Homology Models of μ-Opioid Receptor with Organic and Inorganic Cations at Conserved Aspartates in the Second and Third Transmembrane Domains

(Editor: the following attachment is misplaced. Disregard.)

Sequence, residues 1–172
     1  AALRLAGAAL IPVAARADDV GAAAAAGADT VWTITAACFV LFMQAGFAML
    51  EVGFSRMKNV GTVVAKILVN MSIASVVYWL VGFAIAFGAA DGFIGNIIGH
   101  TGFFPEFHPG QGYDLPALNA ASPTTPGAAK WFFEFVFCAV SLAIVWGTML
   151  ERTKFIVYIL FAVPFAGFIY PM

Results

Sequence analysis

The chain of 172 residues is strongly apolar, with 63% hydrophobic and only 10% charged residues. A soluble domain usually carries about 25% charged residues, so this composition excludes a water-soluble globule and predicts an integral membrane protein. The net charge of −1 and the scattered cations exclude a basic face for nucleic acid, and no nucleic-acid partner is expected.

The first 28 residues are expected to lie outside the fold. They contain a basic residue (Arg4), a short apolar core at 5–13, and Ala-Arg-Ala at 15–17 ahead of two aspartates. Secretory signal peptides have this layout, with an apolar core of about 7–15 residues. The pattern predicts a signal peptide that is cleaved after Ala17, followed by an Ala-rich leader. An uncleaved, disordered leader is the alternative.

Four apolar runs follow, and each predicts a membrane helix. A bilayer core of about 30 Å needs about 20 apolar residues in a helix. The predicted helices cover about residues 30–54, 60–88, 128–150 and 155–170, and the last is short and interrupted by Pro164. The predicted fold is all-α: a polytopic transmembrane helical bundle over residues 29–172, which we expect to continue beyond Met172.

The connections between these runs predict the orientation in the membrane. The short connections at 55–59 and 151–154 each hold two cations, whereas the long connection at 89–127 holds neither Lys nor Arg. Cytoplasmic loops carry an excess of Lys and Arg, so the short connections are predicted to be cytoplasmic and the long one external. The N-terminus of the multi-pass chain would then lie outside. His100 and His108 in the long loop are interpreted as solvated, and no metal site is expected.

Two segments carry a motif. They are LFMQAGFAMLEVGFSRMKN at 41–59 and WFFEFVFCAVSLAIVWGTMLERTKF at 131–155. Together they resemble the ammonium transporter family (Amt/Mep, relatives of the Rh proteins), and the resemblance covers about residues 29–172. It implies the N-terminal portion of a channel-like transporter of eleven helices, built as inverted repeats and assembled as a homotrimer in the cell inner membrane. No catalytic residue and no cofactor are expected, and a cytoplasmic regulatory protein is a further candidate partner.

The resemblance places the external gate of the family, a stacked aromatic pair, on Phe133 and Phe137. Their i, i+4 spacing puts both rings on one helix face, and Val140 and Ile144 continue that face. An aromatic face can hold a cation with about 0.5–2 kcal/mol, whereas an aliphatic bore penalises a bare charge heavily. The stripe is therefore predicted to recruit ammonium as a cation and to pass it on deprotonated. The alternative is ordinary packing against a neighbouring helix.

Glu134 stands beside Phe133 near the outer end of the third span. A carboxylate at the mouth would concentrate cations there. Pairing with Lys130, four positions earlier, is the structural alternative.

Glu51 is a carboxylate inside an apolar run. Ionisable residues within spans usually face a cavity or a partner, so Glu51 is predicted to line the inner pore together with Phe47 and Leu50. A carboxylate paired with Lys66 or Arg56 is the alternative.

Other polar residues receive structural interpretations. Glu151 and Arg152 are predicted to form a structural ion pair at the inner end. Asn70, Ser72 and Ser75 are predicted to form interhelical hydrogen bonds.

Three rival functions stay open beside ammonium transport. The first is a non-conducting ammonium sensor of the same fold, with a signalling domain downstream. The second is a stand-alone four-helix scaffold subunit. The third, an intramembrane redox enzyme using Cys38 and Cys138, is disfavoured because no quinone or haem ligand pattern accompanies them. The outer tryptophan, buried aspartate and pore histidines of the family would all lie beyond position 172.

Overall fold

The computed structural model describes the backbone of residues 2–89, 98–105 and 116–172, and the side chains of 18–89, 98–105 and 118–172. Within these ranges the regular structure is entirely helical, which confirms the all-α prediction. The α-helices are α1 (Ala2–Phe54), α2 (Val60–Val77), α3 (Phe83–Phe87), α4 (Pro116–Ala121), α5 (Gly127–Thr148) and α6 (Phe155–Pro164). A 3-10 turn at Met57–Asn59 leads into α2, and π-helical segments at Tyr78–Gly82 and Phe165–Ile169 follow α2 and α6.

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Metal ions affect ligand binding to G-protein-coupled receptors by as yet unknown mechanisms. In particular, Na(+) increases the affinity for antagonists but decreases it for agonists. We had modeled the mu-opioid receptor (muR) based on the low-resolution structure of rhodopsin by G. F. X. Schertler, C. Villa, and R. Henderson (1993, Nature 362, 770-772) and proposed that metal ions may be directly involved in the binding of ligands and receptor activation (B. S. Zhorov and V. S. Ananthanarayanan, 1998, J. Biomol. Struct. Dyn. 15, 631-637). Developing this concept further, we present here homology models of muR using as templates the structure of rhodopsin elaborated by I. D. Pogozheva, A. L. Lomize, and H. I. Mosberg (1997, Biophys. J. 70, 1963-1985) and J. M. Baldwin, G. F. X. Schertler, and V. M. Unger (1997, J. Mol. Biol., 272, 144-164). Using the Monte Carlo minimization (MCM) method, we docked the Na(+)-bound forms of muR ligands: naloxone, bremazocine, and carfentanyl. The resultant low-energy complexes showed that the two positive charges in the protonated metal-bound ligands interact with the two negative charges at Asp(3.32) and Asp(2.50) (for notations, see J. A. Ballesteros and H. Weinstein, 1995, Methods Neurosci. 25, 366-426). MCM computation on morphine docked inside the model of muR by I. D. Pogozheva, A. L. Lomize, and H. I. Mosberg (1998, Biophys. J. 75, 612-634) yielded two binding modes with the ligand's ammonium group salt-bridged either to Asp(3.32) (generally regarded as the ligand recognition site) or to Asp(2.50). The latter is the presumed site for Na(+) ion, which is known to modulate ligand binding. Assuming that in the low-dielectric transmembrane region of muR, organic and inorganic cations would compete for Asp(3.32) and Asp(2.50), we propose that ligand binding, as visualized in the above models, would first displace Na(+) from Asp(3.32). A subsequent progress of the ligand toward Asp(2.50) would result in either the retention of Na(+) at Asp(2.50) in the case of antagonists or the displacement of Na(+) from Asp(2.50) in the case of agonists. The displaced Na(+) would move toward the salt-bridged Asp(3.49)-Arg(3.50) and disengage the salt bridge. This, in turn, would result in conformational changes at the cytoplasmic face of the receptor that facilitate the interaction with the G-protein.
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